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Top 10 Metal Guitarists of All Time

Anne Erickson
|
02.01.2014
Tony Iommi Iron Man

Of all of rock ‘n’ roll’s many styles, metal is the most brutal, with its high volume, broadening textures and pure drama. No matter the exact sub-genre, metal music is held together by a reliance on loud, riffing guitars and, of course, an inspiriting lead guitarist.

In honor of these electrifying players, Gibson.com counts down our Top 10 Metal Guitarists of All Time, showcasing axemen who pack both fantastic soloing and technical percussion, inspiring generations to keep on shredding.

10. George Lynch (Dokken)

With fantastic solos and a high-energy, guitar-wizard style, George Lynch helped drive Dokken towards mainstream rock success, before the original lineup disbanded, leaving Lynch to pursue his own solo fame. Lynch still issues solo albums regularly, and tracks such as “Rattlesnake” (which packs a pretty snazzy hook from Lynch) and smoky blues-rocker “Son or Scary” off 2011’s Kill All Control show creativity and killer shred-work haven’t run dry from this former headbanger.

9. Dave Murray, Adrian Smith (Iron Maiden)

When Iron Maiden came onto the scene, guitarists Dave Murray and Adrian Smith were quickly recognized for their high-speed agility of soloing, sinuous technique and telepathic rhythm work in partnership together. This duo, so it seemed, were true musical soulmates. Adrian Smith left Iron Maiden after 1988’s Seventh Son of a Seventh Son, altering the band’s musical chemistry and foreshadowing a grim creative drop for a period. But with Smith and Murray both back in toe, Iron Maiden is at their proggiest, and almost every track on 2010’s The Final Frontier has a riff-heavy chorus that leaves its own stamp.

8. Adam Jones (Tool)

Tool had a talent for capturing the choked up angst of ‘90s alternative America and spitting it out in the form of striking metal songs that had something meaningful to say. Much of that knack had to do with guitarist Adam Jones’ winning combination of heavy riffs, technical brilliance and artsy, experimental passages. With Jones’ unorthodox technique and disciplined aggressive attack, Tool proved that underground metal could be intellectual, emotional, vicious and very commercially popular.

7. Zakk Wylde (Ozzy Osbourne, Black Label Society)

With a musical backstory that includes playing lead guitar for Ozzy and fronting his own heavy metal group Black Label Society, Wylde is certainly one of the most distinguished metal guitarists in the world. As the axeman for Ozzy, each song became a guitar showcase. Blues-inspired hooks, sky-scraping solos and snarling riffing became something of Wylde’s crowd-pleasing stage shows, and his golden guitar still shines bright in Black Label Society.

6. Eddie Van Halen (Van Halen)

Guitar icon Eddie Van Halen altered what it means to play electric guitar with Van Halen’s 1978 self-titled debut, creating a dazzlingly, lightning-fast technique with meticulous tapping, hammer-ons, pull-offs and wild-sounding effects. It was madly dramatic, and coupled with theatrical singer David Lee Roth, the style brought metal to a new level of performance art. Flying solo, Eddie also backed other artists’ records, everyone from Michael Jackson (on “Beat It”) to Rodger Waters (“Lost Boys Calling”). With Van Halen’s new album reportedly almost finished, Van Halen interest is at a peak, and Eddie, once again, is stealing the spotlight.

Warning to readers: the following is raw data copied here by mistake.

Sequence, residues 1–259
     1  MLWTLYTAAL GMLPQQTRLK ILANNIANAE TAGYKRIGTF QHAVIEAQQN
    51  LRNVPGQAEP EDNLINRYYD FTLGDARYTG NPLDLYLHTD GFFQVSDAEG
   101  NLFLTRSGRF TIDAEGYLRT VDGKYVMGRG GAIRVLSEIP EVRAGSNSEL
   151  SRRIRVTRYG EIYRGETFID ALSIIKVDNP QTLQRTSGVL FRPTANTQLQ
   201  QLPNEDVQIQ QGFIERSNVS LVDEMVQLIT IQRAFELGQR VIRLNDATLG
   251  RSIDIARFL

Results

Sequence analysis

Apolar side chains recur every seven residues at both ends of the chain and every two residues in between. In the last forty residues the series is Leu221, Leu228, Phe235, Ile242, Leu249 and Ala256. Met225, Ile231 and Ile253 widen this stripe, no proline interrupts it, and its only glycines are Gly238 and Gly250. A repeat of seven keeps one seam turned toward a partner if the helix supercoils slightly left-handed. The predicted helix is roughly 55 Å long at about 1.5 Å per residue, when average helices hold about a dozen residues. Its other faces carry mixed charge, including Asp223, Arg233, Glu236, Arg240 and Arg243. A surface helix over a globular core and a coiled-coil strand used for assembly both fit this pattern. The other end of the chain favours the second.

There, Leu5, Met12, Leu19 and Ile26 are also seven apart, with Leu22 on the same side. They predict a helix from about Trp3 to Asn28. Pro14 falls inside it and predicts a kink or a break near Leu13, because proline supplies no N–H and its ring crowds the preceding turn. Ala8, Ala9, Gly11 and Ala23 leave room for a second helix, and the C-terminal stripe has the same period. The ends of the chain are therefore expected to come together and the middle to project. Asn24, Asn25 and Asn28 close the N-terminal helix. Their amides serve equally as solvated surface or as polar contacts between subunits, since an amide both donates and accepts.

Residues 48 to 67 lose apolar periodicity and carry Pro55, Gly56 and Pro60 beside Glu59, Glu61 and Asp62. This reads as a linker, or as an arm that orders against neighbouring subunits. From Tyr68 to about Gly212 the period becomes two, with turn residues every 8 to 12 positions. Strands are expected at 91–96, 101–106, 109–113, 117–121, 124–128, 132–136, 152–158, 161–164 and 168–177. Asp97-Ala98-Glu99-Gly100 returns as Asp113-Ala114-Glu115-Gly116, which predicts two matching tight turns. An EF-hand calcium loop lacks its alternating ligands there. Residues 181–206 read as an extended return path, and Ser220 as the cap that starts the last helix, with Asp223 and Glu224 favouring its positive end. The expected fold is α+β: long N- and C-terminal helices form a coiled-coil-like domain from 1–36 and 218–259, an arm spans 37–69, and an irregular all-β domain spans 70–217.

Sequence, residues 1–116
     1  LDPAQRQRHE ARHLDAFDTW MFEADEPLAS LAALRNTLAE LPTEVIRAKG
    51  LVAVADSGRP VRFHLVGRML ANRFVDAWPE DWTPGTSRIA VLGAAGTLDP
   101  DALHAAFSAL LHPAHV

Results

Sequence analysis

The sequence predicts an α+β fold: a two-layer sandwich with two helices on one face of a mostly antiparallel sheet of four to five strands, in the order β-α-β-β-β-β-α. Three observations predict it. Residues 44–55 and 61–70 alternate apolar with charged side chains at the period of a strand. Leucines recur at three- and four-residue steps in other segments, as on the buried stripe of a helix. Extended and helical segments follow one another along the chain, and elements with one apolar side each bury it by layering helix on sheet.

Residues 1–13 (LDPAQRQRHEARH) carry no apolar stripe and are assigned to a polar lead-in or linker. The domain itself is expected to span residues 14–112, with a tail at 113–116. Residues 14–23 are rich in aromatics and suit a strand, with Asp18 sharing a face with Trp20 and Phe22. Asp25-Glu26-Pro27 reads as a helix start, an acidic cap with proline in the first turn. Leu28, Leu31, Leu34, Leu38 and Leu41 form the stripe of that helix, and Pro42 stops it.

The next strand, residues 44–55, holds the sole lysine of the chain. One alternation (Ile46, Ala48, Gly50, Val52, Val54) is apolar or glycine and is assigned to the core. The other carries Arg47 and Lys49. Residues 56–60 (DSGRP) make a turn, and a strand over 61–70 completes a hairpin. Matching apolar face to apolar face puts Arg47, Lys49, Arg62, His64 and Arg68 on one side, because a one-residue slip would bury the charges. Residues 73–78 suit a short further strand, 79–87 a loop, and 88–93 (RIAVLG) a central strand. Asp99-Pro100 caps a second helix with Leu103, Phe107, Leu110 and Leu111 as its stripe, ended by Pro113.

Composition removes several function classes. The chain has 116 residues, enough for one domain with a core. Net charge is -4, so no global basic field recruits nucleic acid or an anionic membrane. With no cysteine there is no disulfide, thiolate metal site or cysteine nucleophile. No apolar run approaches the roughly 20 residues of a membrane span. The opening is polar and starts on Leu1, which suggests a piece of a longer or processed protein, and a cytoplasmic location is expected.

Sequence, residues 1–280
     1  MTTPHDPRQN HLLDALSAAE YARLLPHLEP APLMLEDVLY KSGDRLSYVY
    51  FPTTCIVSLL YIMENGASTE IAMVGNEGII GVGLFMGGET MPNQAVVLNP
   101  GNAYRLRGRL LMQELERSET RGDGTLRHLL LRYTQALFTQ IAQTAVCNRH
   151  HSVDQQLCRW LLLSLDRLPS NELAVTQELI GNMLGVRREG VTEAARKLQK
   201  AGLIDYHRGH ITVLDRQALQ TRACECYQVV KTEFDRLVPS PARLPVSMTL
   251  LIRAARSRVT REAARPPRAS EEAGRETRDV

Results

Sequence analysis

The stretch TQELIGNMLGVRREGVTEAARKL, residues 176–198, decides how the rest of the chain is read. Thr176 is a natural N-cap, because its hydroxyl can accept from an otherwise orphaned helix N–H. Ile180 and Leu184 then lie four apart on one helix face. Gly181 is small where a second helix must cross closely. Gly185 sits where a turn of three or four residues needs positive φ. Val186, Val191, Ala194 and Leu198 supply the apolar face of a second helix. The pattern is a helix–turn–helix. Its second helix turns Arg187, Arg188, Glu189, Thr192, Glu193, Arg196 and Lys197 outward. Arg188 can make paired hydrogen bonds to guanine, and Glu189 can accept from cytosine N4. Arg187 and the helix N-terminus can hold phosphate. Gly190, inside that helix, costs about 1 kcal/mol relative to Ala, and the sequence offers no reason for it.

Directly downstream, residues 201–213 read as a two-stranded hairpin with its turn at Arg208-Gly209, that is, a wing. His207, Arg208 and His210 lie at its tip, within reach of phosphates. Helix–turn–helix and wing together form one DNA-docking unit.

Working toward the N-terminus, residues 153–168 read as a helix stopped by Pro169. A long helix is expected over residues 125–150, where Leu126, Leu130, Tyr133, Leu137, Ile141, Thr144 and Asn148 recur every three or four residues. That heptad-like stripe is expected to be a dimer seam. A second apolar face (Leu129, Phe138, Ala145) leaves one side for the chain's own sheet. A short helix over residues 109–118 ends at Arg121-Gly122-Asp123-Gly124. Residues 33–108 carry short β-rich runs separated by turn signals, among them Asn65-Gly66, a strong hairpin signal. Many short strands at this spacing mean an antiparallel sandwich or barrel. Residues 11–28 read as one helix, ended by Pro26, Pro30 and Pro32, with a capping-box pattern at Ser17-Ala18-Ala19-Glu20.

5. Dimebag Darrell (Pantera, Damageplan)

The most popular metal band of the first part of the '90s, Pantera cut through ‘80s hair metal to establish their own unmistakable style. That signature sound largely came from guitarist Dimebag Darrell, whose rhythmic attack and hard-hitting sledgehammer tactic proved metal guitar could shred wildly, but still groove. Tragedy struck on December 8 of 2004, when Darell, then 38, was shot and killed by a concertgoer during a club show in Columbus, Ohio. He’ll always be remembered as one of the most significant engineers of modern metal.

4. John Petrucci (Dream Theater)

When Dream Theater’s rank rose in the early ‘90s, six (at times, seven)-stringer John Petrucci was straight away recognized as one of the most technically proficient guitarists in all of contemporary heavy metal. Even as the band makeup has changed, Petrucci’s hard work and constant drive to push have helped take Dream Theater to new heights with their instruments, delivering imaginative, razor sharp progressive metal music.

3. Randy Rhoads (Ozzy Osbourne)

With Randy Rhoads on lead guitar, Ozzy Osbourne's debut solo release, 1980's Blizzard of Ozz, had no chance to fail. The record was one of heavy metal’s supreme releases, very much thanks to Rhoads' blistering playing. While other guitarists of the era emulated Eddie Van Halen, Rhoades stepped out on his own, incorporating classic music into his passages. His untimely death in a freak airplane accident in 1982 remains one of metal’s biggest heartbreaks.

2. Kirk Hammett, James Hetfield (Metallica)

Metallica is the definitive metal band, and Flying V man Kirk Hammett certainly helped secure that tag, shaping the band’s sound on 1984's wildly popular Ride the Lightning and 1986's groundbreaking Master of Puppets. As the years went on, Hammett’s playing evolved and shifted from primarily metal to a soul-filled, near-blues style, locked in with James Hetfield’s metal riffs and shout-y vocals.

1. Tony Iommi (Black Sabbath)

Tony Iommi’s dark, distinct guitar textures in Black Sabbath helped spearhead the heavy metal movement and its signature massive riffing. “Iron Man” “Black Sabbath” and “Paranoid” boast some of the most memorable riffs of all time, with lumbering heavy metal and crushingly heavy choruses. Iommi’s playing is certainly immortalized through the generations of heavy metal bands that have followed.

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